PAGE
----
The standard "Diagnostics For The IBM PC" were bundled the IBM Guide To Operations manual shipped with each IBM Personal Computer.
It appears that there were two versions of the GTO manual, one for a floppy system, and one for a cassette (floppy-less) system.
From some research and extrapolating from Minuszerodegres.net , the following GTO manuals would have shipped with early IBM PC model 5150 systems.
Title Spine Document GTO "First Edition (August 1981)" 6025000 6025003 Floppy Diagnostics 1.00 - 6172230 GTO "First Edition (August 1981)" 6025117? 6025113? Cassette Diagnostics 1.00? - ??????? GTO "First Edition (Revised April 1982)" 6025000 6025003 Floppy Diagnostics 1.02 - 6081552 GTO "First Edition (Revised April 1982)" 6025117 6025113 Cassette Diagnostics 1.02 - 6081562
All later Guide To Operations manuals were floppy-only.
The "IBM PC Advanced Diagnostics" were bundled with the IBM Hardware Maintenance Service manual, a manual intended for repair personnel and advanced users. Each manual contained both a floppy disk and cassette tape.
Again, from some research and extrapolating from Minuszerodegres.net, the following HMS manuals would have shipped.
Title Spine Document HMS "First Edition (August 1981)" 6025072 6025075 Advanced Diag 1.00 - Disk 6172231 Cass 6172401 HMS "Revised Edition (July 1982)"? 6025072 6025075 Advanced Diag 1.02 - Disk 6081557 Cass 6081566
All later Hardware Maintenance Service manuals were floppy-only.
In summary there should be 4 different diagnostic cassettes:
- Diagnostics 1.00
- Diagnostics 1.02
- Advanced Diagnostics 1.00
- Advanced Diagnostics 1.02 (we have this one)
Were there any other programs released on cassette? Well, one, apparently. "IBM Typing Tutor" but no one has ever seen one!
It was listed in a 1983 IBM product list
And the binder with the disk version has both the disk and cassette part numbers printers on it.
Winworld does have the disk version: https://winworldpc.com/product/ibm-typing-tutor
Is that it really it? Nobody seems to have ever seen any commercial cassette programs.
There is at least one other program that can USE the cassette port, although it is not for storage:
"One program that specifically supports the cassette port is Electronic Arts Music Construction Set. This program has a setting to output 1 note PC Speaker or 4 note (tweaked) PC Speaker music, and has an option to output it to the internal PC Speaker or the cassette port. 4-voice output may sound better through a powered speaker than the internal speaker, but the basic sound will be the same."
The WinWorld library has Music Construction Set: https://winworldpc.com/product/music-construction-set
"There's at least one early game that supports saving to a cassette (Galaxy from Avalon Hill) "
The IBM PCJr, the home-oriented scaled down follow-up to the IBM PC, also included a cassette port.
It required a different connector cable, this time one manufactured by IBM.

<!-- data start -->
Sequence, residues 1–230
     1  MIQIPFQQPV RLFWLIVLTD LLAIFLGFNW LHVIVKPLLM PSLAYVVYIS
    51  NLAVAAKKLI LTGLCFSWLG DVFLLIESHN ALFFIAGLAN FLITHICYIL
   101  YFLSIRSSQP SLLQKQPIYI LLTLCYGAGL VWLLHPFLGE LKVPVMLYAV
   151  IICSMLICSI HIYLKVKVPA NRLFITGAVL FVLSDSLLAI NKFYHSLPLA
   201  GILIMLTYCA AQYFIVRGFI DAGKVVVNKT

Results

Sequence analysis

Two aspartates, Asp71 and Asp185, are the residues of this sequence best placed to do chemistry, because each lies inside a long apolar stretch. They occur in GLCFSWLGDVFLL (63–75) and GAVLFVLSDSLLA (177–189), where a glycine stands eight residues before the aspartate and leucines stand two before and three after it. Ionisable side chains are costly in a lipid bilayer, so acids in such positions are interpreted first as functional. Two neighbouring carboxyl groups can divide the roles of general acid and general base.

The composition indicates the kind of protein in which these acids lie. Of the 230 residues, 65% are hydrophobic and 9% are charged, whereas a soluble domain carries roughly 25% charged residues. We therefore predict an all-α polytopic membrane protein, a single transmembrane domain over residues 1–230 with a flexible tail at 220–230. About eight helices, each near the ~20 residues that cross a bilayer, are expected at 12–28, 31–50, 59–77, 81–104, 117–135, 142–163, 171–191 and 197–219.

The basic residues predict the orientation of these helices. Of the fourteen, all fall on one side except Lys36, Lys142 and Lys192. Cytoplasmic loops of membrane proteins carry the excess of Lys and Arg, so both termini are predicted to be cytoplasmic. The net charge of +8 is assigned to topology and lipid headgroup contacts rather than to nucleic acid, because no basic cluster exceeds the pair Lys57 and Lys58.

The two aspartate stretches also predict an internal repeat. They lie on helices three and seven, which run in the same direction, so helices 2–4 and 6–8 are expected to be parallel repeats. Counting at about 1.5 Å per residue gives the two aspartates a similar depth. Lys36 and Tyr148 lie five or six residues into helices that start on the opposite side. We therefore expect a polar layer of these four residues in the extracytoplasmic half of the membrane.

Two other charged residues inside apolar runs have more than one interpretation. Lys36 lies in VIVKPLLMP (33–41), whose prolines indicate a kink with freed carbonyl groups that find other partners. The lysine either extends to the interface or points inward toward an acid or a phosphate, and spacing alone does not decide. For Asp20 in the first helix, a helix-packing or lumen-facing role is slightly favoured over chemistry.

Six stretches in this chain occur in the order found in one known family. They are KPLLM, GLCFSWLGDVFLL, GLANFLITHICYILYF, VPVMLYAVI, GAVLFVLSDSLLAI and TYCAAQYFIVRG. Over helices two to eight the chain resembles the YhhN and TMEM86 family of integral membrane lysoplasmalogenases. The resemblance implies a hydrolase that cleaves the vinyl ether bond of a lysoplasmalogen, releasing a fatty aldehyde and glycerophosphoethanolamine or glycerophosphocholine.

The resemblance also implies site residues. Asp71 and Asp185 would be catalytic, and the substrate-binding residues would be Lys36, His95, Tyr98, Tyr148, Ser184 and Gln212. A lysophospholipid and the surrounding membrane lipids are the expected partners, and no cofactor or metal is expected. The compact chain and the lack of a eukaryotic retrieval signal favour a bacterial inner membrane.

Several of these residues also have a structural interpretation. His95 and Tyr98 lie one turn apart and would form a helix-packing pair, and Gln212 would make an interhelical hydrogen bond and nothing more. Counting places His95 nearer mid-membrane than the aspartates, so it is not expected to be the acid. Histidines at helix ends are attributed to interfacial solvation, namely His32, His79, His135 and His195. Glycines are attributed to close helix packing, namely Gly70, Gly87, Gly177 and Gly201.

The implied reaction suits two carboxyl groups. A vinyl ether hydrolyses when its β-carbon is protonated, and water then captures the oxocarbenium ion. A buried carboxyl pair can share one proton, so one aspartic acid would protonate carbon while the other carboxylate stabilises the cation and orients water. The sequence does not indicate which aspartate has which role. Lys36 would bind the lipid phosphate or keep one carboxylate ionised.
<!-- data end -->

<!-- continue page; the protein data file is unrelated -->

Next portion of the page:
There are no known PCjr cassette titles, not even a diagnostic.
The PCJr, did, however add support for ROM cartridges, for which there were a few, including Lotus 1-2-3.
Once again, a cassette port on a home computer still made a bit of sense at the time, and IBM offered a floppy-less base version. But at this point it was even more likely that the only reason for it was the low base price.
IBM XT and later
The IBM Portable Personal Computer model 5155 and IBM XT Model 5160 omitted cassette ports, but retained ROM basic for compatibility.
Clones, such as the Columbia Data Product 1600, Eagle PC, and Compaq Portable, also omitted cassette ports as well as omitting ROM basic.
One Russian clone was reported to have had a cassette port, and early revision Compaq Portable motherboards had an unpopulated component area that could have been for a cassette interface.
XT class computers no longer supported a configuration with "zero" floppy drives, even though that had been technically valid on the IBM PC model 5150. Software was often hard coded to expect a floppy drive, even if it ran from a hard drive. For example the IBM Assistant/PFS software crapped itself running in DOSBOX because it reported zero floppy drives.
Although Cassette BASIC was retained for ROM compatibility on XT, AT, PS/2, and some Aptiva computers, it was useless as it could not save programs. With a hard drive installed, users of these machines would never even see ROM Basic.
IBM's PC-DOS Disk Basic would not run without Basic in ROM. In all probability, this was initially done to save RAM, as it re-used existing code in ROM. Microsoft's Basic and GWBASIC, shipped with most clones, did not have that restriction. Oddly, QBASIC in the first release of IBM DOS 5 artificially required ROM Basic to run, probably due to licensing reasons.
The IBM PC 5150 was discontinued in 1987, and even the last one off the assembly line had the cassette port.